Scrambled eggs on a frying pan
Here's Why Your Scrambled Eggs Really Turned Gray In Color
By Kalea Martin
In most cases, the color of your scrambled eggs will be yellow, with perhaps only a slight variation in its shade of yellow, but sometimes they can adopt a grayish hue.
Your scrambled eggs may even be tough and dry, which may make it seem like the eggs have gone bad, but they're safe to eat. The actual reason, however, is entirely different.
The gray color is a chemical reaction caused by too high of a temperature: What happens is the sulfur in the egg white and the iron in the egg yolk combine and react with the heat.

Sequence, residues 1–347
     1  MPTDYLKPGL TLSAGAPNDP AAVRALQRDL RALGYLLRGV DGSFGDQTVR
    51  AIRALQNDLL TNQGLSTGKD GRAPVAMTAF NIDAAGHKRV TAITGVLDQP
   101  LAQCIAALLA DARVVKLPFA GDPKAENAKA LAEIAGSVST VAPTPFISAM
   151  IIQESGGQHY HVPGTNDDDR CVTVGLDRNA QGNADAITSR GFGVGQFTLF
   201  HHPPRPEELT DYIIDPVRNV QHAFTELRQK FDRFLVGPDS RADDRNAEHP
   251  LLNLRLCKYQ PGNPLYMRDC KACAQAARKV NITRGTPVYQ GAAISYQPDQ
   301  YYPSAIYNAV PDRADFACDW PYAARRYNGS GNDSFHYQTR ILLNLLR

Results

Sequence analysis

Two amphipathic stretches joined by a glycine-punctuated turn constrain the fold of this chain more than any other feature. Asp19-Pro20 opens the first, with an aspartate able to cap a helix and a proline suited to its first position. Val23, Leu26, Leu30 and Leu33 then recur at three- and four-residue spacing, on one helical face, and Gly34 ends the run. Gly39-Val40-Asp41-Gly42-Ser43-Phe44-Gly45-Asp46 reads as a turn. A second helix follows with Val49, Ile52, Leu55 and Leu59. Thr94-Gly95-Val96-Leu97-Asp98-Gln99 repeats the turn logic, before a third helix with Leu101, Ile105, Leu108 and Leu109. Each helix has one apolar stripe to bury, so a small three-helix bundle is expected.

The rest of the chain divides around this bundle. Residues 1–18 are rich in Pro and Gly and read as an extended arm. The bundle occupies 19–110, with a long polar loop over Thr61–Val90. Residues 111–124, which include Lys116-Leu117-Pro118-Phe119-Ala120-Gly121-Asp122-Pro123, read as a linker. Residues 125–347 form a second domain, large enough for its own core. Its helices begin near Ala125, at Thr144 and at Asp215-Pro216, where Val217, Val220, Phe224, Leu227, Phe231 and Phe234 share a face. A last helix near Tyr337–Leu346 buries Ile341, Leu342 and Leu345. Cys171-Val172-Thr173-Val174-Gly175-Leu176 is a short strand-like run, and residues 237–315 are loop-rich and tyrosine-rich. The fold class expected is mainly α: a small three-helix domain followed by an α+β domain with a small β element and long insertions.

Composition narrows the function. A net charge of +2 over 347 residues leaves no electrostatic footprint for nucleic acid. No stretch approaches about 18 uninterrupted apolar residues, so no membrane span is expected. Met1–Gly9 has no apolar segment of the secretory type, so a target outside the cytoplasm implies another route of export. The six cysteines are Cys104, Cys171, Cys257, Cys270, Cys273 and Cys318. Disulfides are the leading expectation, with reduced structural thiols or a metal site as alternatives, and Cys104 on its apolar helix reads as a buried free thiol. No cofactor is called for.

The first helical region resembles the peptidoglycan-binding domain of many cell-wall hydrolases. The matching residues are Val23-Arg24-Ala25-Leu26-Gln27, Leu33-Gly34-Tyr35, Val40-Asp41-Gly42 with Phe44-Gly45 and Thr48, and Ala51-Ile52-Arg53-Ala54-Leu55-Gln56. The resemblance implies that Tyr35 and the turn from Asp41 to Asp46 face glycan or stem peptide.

This reaction creates a compound called ferrous sulfide, giving the eggs a grayish color. This occurs when the eggs' internal temperature reaches 158 degrees Fahrenheit or higher.
To avoid this, use a stainless
steel pan and cook at a low temperature. When the eggs are lightly scrambled, still runny, turn off the heat and continue cooking.
The eggs will continue cooking after they're removed from the burner because the pan retains heat. Take this residual heat into account and this shouldn't be a problem anymore.